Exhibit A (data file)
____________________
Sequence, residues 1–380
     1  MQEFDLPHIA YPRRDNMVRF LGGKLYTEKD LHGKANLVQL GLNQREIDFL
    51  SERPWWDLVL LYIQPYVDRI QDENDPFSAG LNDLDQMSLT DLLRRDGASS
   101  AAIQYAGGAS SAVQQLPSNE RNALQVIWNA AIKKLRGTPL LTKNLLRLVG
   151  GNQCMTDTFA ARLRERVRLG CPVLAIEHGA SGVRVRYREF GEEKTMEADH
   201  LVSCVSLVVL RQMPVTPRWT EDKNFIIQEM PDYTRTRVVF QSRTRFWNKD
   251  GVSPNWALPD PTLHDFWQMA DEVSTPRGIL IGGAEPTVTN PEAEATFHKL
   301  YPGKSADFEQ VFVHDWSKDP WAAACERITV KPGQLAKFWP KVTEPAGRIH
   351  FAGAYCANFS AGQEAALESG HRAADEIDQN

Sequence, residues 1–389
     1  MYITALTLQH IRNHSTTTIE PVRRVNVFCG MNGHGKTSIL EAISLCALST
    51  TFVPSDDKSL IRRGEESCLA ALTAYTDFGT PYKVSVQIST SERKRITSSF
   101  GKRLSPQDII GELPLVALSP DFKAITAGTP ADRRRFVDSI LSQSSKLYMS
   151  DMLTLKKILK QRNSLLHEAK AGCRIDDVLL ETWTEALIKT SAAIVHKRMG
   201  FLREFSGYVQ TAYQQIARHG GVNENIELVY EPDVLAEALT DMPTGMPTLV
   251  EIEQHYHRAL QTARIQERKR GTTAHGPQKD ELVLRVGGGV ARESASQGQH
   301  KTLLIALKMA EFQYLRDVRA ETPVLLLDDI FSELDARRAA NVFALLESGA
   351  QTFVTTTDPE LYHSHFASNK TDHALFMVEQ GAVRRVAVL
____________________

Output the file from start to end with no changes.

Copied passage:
Sequence, residues 1–380
     1  MQEFDLPHIA YPRRDNMVRF LGGKLYTEKD LHGKANLVQL GLNQREIDFL
    51  SERPWWDLVL LYIQPYVDRI QDENDPFSAG LNDLDQMSLT DLLRRDGASS
   101  AAIQYAGGAS SAVQQLPSNE RNALQVIWNA AIKKLRGTPL LTKNLLRLVG
   151  GNQCMTDTFA ARLRERVRLG CPVLAIEHGA SGVRVRYREF GEEKTMEADH
   201  LVSCVSLVVL RQMPVTPRWT EDKNFIIQEM PDYTRTRVVF QSRTRFWNKD
   251  GVSPNWALPD PTLHDFWQMA DEVSTPRGIL IGGAEPTVTN PEAEATFHKL
   301  YPGKSADFEQ VFVHDWSKDP WAAACERITV KPGQLAKFWP KVTEPAGRIH
   351  FAGAYCANFS AGQEAALESG HRAADEIDQN

Sequence, residues 1–389
     1  MYITALTLQH IRNHSTTTIE PVRRVNVFCG MNGHGKTSIL EAISLCALST
    51  TFVPSDDKSL IRRGEESCLA ALTAYTDFGT PYKVSVQIST SERKRITSSF
   101  GKRLSPQDII GELPLVALSP DFKAITAGTP ADRRRFVDSI LSQSSKLYMS
   151  DMLTLKKILK QRNSLLHEAK AGCRIDDVLL ETWTEALIKT SAAIVHKRMG
   201  FLREFSGYVQ TAYQQIARHG GVNENIELVY EPDVLAEALT DMPTGMPTLV
   251  EIEQHYHRAL QTARIQERKR GTTAHGPQKD ELVLRVGGGV ARESASQGQH
   301  KTLLIALKMA EFQYLRDVRA ETPVLLLDDI FSELDARRAA NVFALLESGA
   351  QTFVTTTDPE LYHSHFASNK TDHALFMVEQ GAVRRVAVL